On the twelfth day of South Downs Christmas…

On the twelfth and final day of our South Downs Christmas, look who’s drumming for us. The wart-biter cricket!

The wart-biter cricket gets its name from the 18th century Swedish practice of using them to gnaw off warts. It was able to do this thanks to its strong mouth parts – yuck!

The cricket ‘sings’ by rubbing its wings together to produce a loud and distinctive song, our Assistant Ranger Matt took this film of one in the South Downs earlier this year.

The wart-biter is one of the most endangered insect species in Britain and has declined drastically in recent years. Of the five remaining UK populations three are on chalk grassland sites in the South Downs National Park – two of these are natural and one reintroduced.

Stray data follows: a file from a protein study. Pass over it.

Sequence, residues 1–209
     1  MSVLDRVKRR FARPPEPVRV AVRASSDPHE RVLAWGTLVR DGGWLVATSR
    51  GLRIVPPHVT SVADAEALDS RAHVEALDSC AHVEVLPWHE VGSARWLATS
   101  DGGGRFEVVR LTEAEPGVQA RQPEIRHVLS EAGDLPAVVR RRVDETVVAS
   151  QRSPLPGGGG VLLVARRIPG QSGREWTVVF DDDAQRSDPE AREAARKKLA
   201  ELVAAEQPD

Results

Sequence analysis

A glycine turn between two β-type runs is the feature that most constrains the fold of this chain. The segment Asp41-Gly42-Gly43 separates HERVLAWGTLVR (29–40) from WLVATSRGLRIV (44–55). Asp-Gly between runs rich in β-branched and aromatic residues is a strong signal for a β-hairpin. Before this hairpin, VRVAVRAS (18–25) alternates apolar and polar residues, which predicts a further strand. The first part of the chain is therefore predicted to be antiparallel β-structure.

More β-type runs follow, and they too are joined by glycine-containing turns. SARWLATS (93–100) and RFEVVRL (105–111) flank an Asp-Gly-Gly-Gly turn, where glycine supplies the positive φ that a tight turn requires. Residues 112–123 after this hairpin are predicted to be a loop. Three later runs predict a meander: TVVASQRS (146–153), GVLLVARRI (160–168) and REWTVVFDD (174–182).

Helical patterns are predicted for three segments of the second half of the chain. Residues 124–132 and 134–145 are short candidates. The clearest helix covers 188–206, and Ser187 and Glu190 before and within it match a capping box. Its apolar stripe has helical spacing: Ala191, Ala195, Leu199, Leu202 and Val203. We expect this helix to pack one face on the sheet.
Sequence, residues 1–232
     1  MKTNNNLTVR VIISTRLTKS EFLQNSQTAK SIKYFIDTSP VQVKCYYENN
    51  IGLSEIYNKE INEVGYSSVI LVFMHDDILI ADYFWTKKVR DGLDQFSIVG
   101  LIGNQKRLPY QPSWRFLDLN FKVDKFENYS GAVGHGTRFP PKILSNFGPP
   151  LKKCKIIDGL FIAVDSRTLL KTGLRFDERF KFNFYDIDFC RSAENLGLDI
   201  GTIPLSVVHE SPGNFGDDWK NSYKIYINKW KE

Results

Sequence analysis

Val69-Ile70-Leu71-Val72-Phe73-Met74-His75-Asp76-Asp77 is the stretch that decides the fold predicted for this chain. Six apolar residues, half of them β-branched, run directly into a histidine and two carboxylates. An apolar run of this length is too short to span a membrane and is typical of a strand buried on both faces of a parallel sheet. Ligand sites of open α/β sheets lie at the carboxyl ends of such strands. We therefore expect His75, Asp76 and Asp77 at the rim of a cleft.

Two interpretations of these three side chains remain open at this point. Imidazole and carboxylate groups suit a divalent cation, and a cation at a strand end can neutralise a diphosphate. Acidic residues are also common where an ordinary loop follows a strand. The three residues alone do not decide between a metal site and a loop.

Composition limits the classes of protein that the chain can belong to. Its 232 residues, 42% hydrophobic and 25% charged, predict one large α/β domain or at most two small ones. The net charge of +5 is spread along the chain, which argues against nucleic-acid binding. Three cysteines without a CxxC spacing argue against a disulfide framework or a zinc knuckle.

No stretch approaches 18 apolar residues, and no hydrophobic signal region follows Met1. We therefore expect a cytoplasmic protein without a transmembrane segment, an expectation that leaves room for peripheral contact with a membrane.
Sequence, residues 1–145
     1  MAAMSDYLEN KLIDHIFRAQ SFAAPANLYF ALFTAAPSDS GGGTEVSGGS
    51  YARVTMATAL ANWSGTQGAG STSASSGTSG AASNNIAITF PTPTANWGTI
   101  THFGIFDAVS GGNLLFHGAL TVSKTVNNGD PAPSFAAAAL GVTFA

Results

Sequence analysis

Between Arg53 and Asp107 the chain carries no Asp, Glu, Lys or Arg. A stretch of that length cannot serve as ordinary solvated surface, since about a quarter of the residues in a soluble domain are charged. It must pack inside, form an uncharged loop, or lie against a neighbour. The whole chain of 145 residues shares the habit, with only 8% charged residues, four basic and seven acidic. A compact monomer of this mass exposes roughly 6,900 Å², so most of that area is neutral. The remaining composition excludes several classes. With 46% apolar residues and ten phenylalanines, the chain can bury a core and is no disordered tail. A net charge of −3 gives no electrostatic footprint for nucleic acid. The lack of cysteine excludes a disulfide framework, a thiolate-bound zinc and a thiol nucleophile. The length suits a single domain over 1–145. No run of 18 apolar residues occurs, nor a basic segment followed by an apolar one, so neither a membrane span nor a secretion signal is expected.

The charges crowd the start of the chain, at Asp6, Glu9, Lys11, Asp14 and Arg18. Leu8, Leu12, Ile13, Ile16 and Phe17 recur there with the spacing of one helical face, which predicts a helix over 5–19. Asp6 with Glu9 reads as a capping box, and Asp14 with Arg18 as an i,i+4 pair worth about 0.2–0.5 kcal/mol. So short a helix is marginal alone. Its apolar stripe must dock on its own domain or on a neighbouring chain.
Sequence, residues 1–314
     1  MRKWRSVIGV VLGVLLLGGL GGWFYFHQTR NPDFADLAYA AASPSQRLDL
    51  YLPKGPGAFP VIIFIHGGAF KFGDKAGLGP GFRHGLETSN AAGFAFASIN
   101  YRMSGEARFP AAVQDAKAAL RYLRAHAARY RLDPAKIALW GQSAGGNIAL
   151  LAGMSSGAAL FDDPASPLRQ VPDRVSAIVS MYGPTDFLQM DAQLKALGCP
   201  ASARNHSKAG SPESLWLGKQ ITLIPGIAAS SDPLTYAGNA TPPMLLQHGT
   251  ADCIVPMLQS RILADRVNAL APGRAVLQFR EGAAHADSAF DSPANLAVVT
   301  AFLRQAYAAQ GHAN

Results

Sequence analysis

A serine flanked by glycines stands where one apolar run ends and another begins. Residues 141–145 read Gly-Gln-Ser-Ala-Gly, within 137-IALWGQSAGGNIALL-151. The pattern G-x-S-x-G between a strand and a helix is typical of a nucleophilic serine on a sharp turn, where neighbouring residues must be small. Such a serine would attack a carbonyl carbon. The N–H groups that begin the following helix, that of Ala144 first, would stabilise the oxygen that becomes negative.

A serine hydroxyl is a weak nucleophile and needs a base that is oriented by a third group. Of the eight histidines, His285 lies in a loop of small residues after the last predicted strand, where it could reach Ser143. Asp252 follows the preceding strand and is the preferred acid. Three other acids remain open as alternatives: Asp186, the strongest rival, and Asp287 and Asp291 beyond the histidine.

Right. Deep breath!

On the eleventh day of South Downs Christmas – Folk singers piping

On the tenth day of South Downs Christmas – What’s leaping at Lord’s Piece?

On the ninth day of South Downs Christmas – Something to dance about

On the eighth day of South Downs Christmas – Delicious dairy products

On the seventh day of South Downs Christmas – Swanbourne Lake

On the sixth day of South Downs Christmas – Locally produced geese

On the fifth day of South Downs Christmas – Iron Age hill fort ‘rings’

On the fourth day of South Downs Christmas – Barn owls on silent wings

On the third day of South Downs Christmas – Hen harriers

On the second day of South Downs Christmas – Rare turtle doves

On the first day of South Downs Christmas – A grey partridge nestling on the ground